Holding load – Working with the directional valve when it is situated in the neutral position, the load holding function of the overcentre valve prevents any movement of the load and also prevents leakage past the directional valve while it is the closed position.
Pilot ratios explained
When a system is in the design stage, pilot ratios are a main factor that needs to be taken into account as different systems will benefit from different pilot ratios. For example, a system that runs stable, constant loads will normally use a high pilot pressure, while a low, unstable load will benefit from a lower pilot pressure.
The pilot open pressure drop is a good measure of system performance and efficiency, as system pressure typically runs much higher than the pilot pressure needed to open the valve fully.
The two-stage overcentre valve
An addition to the overcentre valve family, the two-stage overcentre valve aims to tackle problems that long unstable booms suffer from, especially those with large capacity cylinders such as telescopic handlers which can suffer from instability issues.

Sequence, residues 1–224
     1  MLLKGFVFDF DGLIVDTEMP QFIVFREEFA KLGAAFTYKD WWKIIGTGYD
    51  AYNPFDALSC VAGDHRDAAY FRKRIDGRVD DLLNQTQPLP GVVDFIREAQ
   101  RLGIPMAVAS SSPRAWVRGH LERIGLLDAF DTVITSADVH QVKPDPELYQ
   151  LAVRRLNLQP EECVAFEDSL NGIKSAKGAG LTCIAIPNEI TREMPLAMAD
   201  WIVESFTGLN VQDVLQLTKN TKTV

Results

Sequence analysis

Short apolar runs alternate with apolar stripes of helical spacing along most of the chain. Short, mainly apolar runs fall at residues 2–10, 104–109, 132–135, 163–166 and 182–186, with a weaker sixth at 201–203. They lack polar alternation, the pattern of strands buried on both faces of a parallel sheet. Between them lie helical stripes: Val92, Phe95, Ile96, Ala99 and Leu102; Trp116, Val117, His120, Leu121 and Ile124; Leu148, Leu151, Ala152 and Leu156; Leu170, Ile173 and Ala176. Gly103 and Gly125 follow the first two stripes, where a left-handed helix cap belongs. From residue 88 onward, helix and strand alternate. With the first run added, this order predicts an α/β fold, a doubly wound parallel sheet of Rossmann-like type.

Runaway conditions are encountered in these applications when pilot valves are opened too quickly, due to heavy loads on the cylinder. The two-stage overcentre valve uses two springs with the outer spring being affected by the pilot piston with the inner used as a pressure counterbalance, thus overcoming potential instability issues.
Which type of overcentre valve should you get?
When looking for the correct overcentre valve, you have to ensure you cater for the pressures the hydraulic unit will need to work with. In a system with high back pressure a standard overcentre valve would struggle, as the standard spring chamber is vented to the valve port through the poppet, this increases relief pressure and systems which use a closed centre directional valve would run into difficulties.
Valves are now available that help to combat this problem as the relief sections of these valves are not affected by back pressure and they are identical in every other way to a standard valve.
Finally, some overcentre valves come complete with an atmospheric venting feature, which can be a beneficial feature until they are used in a corrosive type atmosphere which could cause running problems, so it is always important to check system plans and positioning when deciding on the type of valve to go for.
Hydraproducts have a comprehensive selection of valves as part of their new Components Division which can be viewed here.